So, sorry for the long scientific side note. My father then said that his only problem with the sociolect was that it was spoken by aggressive people who despise our society. There have been several brutal attacks by said youngsters against senior citicens or non-immigrant youngsters over the last few years, sometimes with the attackers insulting their victims for being German, so I guess this is what he was alluding to. My girlfriend told him that the sociolect itself is not an expression of aggression. While it sounds aggressive, it is just the result of mixing Arab/Turk intonation with German. (We once met a guy from Finland who told us he finds it totally intimidating when he hears two Germans talk to each other, so if we think Arab or Turk intonation sounds aggressive, they might think we are all soldiers barking commands at each other.^^)

She next said that what annoys her about the sociolect is that many of those who speak it simply can´t be bothered to speak or learn normal German. “Yeah,” my father said, “they refuse to integrate into the German society.” Yeah, dad. Especially the German youngsters who adopt the sociolect.

“I think they´re just too lazy to speak correct German.”, my girlfriend said.

“Yeah, laziness is a form of aggression. You are absolutely correct.” my father replied.

Huh, what? Her opinion is entirely different from his, so why does he feel confirmed? And even if he had confirmed her, why does he express it in such a condescending fashion, as if he was the teacher and she was the student who had given a correct answer? She had already proven several times that she knows more about linguistics than he does!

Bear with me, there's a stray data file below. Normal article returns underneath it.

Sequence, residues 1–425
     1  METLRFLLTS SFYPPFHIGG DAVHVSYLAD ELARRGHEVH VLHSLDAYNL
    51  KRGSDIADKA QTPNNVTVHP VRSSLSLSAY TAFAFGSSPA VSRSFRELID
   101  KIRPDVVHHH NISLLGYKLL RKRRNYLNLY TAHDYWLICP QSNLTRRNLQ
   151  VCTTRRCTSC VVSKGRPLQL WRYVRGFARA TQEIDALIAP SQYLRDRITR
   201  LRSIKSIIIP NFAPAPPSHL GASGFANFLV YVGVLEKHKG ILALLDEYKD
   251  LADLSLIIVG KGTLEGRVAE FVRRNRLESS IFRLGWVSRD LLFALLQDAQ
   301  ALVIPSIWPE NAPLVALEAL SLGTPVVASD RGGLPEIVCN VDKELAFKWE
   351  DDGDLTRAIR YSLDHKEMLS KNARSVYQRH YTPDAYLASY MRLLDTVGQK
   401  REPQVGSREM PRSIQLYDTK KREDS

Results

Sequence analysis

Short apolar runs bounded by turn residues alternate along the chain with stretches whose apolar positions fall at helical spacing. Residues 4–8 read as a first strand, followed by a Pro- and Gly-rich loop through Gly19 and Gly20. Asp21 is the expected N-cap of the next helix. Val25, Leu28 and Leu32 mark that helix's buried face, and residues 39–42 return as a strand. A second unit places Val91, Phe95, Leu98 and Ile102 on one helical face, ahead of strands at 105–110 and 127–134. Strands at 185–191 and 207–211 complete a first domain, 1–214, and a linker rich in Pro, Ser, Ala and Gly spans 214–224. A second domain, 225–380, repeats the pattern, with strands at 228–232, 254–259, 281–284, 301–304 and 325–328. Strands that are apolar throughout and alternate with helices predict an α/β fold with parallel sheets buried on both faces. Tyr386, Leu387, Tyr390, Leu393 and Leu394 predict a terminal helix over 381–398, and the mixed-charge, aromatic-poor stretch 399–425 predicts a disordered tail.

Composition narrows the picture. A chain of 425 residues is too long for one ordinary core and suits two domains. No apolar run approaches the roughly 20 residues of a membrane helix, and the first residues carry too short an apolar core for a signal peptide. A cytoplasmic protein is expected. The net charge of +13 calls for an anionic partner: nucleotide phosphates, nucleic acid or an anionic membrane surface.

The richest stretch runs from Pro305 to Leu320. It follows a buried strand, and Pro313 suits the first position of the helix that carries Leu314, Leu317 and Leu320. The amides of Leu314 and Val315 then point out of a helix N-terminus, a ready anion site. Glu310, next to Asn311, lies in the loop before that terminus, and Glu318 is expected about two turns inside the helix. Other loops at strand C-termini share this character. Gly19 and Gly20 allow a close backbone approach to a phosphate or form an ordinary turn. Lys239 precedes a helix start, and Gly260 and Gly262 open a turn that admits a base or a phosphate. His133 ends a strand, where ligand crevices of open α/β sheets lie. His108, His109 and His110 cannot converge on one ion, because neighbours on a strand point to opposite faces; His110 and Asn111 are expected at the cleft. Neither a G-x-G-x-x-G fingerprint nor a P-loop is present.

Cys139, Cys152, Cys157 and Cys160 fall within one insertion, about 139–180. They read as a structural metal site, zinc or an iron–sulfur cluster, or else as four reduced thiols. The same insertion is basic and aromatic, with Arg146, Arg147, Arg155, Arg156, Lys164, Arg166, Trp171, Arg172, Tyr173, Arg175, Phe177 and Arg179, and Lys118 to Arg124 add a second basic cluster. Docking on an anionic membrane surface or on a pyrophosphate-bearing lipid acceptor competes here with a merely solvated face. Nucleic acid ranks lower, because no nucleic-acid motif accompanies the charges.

This is the type of behavior that upsets me most about him. When he claims that you hold the same opinion as he does, you just don´t know it yet. When in doubt, he simply defines laziness as a form of aggression, and next you are busy explaining to him why these are two different things, and you can be sure that he will chime in with another piece of complete nonsense you have to refute. See why Dr. Stoneface reminded me of him?

It´s almost like my father cannot let it happen that we have different opinions. Even if he has to redefine words to keep up the illusion. Or confusion, in this case. He is not overtly authoritarian. I can contradict him all I want. It´s not like he tells me to shut the hell up. He is much more manipulative than that, and he might not even realize it. He cannot make me agree with him, so he “agrees” with me and doesn´t acknowledge that we simply don´t hold the same opinion. I will contradict furiously, which makes me look (and feel) like I´m looking for fights and arguments for the hell of it. Like I just don´t want to agree with him because I´m an immature brat who always has to be terrifically original and absolutely needs to rebel against her benevolent, bright, generous father who takes her oh so seriously and fosters her intellectual development. You can imagine how good that feels. With my father, you can either let him own your thoughts by pretending that you are agreeing with him even when you don´t, or you can feel like someone who disagrees with everyone on principle.

I don´t think he is doing this on purpose in order to supress me. If anything, he is just a real egomaniac. It looks to me like he doesn´t even realize we´re not agreeing. Reality is a negotiable parameter to him, in the same way as it is in Orwell´s 1984. Indeed, my father reminds me of O´Brien.